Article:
the White House Office of National Drug Control Policy, ONDCP, 2018-2020. She brought refreshing frontline medical experience to national health policy. She is a nationally acclaimed medical expert and speaker who continues to treat patients in the emergency department and hosts a podcast titled High Truths on Drugs and Addiction. As a mother of four she relates to families who struggle. Lev uses data to drive change and is frequently quoted in print and television media. Lev is dually board certified in emergency and addiction medicine, bringing over 25 years of experience treating the frontline cases of addiction. She came to the White House as chief of the emergency department at Scripps Mercy Hospital in
San Diego. In 2012, she established and chaired the San Diego Prescription Drug Abuse Medical Task Force, the first of its kind in California that integrated physicians of various specialties along with hospitals, law enforcement, hospital administration, treatment programs and public health for the purpose of decreasing deaths and mortality from prescription drugs. Lev’s medical publications known as the “Death Diaries” studied the details of prescription patterns of people who died from accidental medication drug overdoses, giving insight to the causes of overdose and directing prevention efforts. Lev graduated from the University of Texas Medical School in San Antonio and completed her emergency medicine residency training at the University of California San Diego. Dr. Lev served as President of the California Chapter of the American College of Emergency Physicians in 2000. She is Founder and President of IEPC, Independent Emergency Physicians Consortium, an organization providing collaboration to independent emergency departments in California. Her program on Safe Prescribing in the emergency department won the 2014 National Association of Counties award. The California US Attorney’s office nominated her for the White House Champion of Change Award. Lev is an energetic leader with a passion to assist communities in preventing and treating addiction. She continues to practice medicine on the front lines and consults on clinical medicine and health policy. Visit:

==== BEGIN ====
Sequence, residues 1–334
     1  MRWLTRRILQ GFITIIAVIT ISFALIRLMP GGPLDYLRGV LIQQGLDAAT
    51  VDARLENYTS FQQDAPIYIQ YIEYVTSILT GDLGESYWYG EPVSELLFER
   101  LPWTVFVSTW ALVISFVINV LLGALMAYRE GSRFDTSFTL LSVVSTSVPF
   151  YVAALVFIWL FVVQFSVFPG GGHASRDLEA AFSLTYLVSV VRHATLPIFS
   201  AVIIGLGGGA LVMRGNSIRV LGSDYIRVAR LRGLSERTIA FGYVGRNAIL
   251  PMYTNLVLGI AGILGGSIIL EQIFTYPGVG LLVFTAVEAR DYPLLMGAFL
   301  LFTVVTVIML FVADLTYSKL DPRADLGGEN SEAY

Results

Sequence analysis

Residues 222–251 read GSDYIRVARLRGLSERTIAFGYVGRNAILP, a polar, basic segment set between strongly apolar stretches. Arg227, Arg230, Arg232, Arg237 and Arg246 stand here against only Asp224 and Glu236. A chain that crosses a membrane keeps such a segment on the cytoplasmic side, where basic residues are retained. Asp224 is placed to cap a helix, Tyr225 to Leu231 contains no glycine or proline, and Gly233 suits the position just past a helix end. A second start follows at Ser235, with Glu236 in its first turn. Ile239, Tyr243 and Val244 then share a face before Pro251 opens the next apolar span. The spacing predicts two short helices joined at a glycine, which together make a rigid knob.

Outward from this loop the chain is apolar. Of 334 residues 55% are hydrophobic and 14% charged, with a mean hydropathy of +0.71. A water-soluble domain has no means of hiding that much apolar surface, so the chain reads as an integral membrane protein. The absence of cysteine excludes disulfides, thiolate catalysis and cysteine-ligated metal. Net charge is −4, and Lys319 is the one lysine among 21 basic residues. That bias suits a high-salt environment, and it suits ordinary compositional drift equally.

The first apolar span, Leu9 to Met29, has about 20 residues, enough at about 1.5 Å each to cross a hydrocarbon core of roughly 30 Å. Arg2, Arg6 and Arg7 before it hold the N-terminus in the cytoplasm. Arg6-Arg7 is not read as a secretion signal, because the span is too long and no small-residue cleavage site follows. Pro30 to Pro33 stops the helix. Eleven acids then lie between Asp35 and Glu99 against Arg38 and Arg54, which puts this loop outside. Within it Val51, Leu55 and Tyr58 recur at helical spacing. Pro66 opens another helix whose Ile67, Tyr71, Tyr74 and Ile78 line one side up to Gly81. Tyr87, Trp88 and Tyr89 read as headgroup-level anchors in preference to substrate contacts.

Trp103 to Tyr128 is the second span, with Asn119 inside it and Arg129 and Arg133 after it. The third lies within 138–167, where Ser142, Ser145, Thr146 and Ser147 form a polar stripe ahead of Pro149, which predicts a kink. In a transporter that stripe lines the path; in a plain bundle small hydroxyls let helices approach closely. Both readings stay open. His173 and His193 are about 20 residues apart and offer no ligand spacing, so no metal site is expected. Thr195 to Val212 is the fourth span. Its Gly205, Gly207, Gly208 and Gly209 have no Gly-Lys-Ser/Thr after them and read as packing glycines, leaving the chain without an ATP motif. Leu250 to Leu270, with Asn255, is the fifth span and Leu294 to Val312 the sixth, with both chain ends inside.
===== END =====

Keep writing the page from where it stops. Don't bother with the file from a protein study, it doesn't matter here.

Elizabeth Stuyt, M.D., Addiction Psychiatry is Secretary of IASIC

Dr. Stuyt is a board-certified Addiction Psychiatrist and has worked in the addiction/behavioral health field since 1990. She was the Medical Director for the Circle Program, a 90-day inpatient treatment program, funded by the state of Colorado, for persons with co-occurring mental illness and substance abuse who have failed other levels of treatment from June 1999 to May 2020. She was instrumental in helping the Circle Program to become tobacco free in January 2000 and has been a strong advocate of the need to address all addictions at the same time, including tobacco, to improve outcomes. She has been actively incorporating complementary treatments into treatment programs, including the 5-point ear acupuncture NADA (National Acupuncture Detoxification Association) protocol and BST (Brain Synchronization Therapy), to help patients
recover from addiction as well as trauma which often underlie addiction and chronic pain issues. Her current mission is to educate as many people as possible on the un-intended consequences of the commercialization of marijuana in Colorado, focusing primarily on the deleterious effects of high potency THC on the developing brain.